ICDZ launches directorship programme


THE Institute of Corporate Directors Zimbabwe says it has launched an internationally recognised Professional Director Certification course which is supported by Governance Solutions Canada.

The programme for professionals will be running from July, and will see graduates attain the Pro Director status.

Corporate governance and leadership expert Newton Demba told an ICDZ leadership conference in Kariba last week that the programme would cover many key aspects of directorship.

These include governance and strategy, governance and risk, people, board effectiveness and resources.

“We are confident that it is pivotal in assisting you to not only match the current professional qualifications, but be fully equipped to tackle any future market challenges,” Demba said.

“As our motto goes: ‘Better corporate directors, better boards and better business’. As directors we have onerous responsibilities and in ICDZ we have a body responsible for nurturing your interests and supporting your development. All the programmes we offer seek to contribute towards success of directors and businesses and, indeed all other organisations,” Demba told delegates.

He noted that establishing the right tone at the top of organisations was essential in fortifying their reputations and relationships with all stakeholders.

Demba further pointed out that sub-optimal performance by directors besieged economies with corporate failures and this was more visible when corporate leaders neglected to prioritise the development of a culture of integrity.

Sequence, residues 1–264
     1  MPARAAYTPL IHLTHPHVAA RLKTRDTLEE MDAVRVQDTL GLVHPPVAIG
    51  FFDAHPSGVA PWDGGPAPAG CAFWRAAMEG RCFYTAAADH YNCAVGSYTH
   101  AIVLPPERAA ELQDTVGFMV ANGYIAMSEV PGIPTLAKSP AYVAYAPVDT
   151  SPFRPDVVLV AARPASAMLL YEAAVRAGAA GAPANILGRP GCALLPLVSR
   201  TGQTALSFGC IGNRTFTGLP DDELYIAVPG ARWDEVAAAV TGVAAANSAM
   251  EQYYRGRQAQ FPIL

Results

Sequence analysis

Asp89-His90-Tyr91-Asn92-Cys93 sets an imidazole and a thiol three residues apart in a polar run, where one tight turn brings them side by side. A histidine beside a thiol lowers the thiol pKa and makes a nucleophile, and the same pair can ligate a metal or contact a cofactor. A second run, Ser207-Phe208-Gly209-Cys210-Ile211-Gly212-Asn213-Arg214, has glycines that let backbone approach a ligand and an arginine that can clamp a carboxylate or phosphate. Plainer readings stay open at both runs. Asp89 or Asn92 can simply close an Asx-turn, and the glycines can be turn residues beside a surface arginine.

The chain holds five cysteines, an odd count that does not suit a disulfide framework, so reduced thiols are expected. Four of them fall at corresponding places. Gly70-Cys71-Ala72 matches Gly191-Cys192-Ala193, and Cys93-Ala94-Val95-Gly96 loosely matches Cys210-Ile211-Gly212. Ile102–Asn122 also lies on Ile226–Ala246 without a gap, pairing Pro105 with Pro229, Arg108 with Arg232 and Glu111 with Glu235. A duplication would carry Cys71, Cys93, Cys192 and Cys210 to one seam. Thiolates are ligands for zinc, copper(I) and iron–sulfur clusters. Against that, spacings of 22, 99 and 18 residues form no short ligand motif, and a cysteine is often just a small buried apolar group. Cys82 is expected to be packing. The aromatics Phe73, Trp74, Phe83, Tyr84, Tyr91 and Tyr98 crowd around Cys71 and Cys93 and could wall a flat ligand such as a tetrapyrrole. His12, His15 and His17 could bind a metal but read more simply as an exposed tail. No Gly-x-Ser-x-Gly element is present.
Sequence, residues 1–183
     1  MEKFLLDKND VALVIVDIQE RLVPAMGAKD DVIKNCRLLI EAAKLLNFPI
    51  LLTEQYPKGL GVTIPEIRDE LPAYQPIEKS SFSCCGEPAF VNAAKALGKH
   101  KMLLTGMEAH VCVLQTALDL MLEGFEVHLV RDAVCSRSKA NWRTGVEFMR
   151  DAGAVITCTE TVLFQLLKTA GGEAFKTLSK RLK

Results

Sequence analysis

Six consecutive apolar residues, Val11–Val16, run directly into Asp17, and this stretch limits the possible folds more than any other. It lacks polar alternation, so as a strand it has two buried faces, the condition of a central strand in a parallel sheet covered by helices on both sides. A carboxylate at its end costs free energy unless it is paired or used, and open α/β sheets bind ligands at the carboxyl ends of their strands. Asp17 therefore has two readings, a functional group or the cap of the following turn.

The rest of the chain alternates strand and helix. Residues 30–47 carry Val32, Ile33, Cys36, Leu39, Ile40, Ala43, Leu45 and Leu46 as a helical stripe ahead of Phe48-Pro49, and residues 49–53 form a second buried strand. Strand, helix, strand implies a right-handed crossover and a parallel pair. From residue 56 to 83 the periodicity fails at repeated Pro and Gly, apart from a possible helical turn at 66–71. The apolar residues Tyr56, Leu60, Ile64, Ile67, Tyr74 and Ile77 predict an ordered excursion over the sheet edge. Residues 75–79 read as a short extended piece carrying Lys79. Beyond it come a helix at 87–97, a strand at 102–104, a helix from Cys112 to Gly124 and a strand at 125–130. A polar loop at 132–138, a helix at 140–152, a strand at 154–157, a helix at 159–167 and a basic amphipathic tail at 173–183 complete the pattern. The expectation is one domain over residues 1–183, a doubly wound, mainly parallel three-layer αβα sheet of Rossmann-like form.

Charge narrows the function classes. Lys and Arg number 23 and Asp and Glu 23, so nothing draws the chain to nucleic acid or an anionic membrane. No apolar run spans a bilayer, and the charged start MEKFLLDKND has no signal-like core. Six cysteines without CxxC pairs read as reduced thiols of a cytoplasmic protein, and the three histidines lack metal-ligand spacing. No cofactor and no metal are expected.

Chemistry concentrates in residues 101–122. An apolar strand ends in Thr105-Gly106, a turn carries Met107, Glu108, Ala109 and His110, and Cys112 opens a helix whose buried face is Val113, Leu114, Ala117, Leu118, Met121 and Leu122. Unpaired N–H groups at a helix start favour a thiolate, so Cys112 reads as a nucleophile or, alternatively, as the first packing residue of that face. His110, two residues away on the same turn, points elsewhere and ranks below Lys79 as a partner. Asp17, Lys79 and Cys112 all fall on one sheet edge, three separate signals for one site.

Demba told the conference that the importance of good corporate governance cannot be overemphasised.

“It is against this background that the ICDZ came up with the Tone at the Top Leadership Convention. This is a platform where leaders can interact and offer tangible solutions on how best to align ethics and values to business strategies and operating plans for sustainable development,” he said.

The Kariba conference was held under the theme Innovate, Engage and Empower.

During the conference, captains of Zimbabwe’s industries also said companies must understand that the economic environment will take long to return to pre-pandemic levels, and they must re-image the way they do business.

The COVID -19 outbreak in 2020 radically transformed the workplace and changed the way companies work, and how consumers access goods and services.

The executives said some of COVID-19’s effects may become permanent leading to the disappearance of some occupations.

Speaking at the conference, business leaders indicated that it was now time for them to lead the adjustments of organisational structures, post COVID.

Presenting a paper titled Recovery and Re-imagination: The Future of Work, National Blood Service Zimbabwe chief executive officer Lucy Marowa said while organisations promoted virtual work models and virtual collaboration with global virtual teams, they had not simultaneously redesigned the physical and digital workplace, organisational structures and leadership capabilities required to optimise individual and team potential in a flexible work environment. “The bottom line is that things cannot go back to factory settings, back to pre-2020,” Marowa said.

“COVID-19 came with it. The change to a flexible work environment was so rapid that organisations did not work out how to connect workers to the organisation, to its purpose and to human relationships. We have focused on the digital experience but underestimated various factors that build a compelling workforce experience such as a sense of belonging and length of average working day,” she added.

  • Follow us on Twitter @NewsDayZimbabwe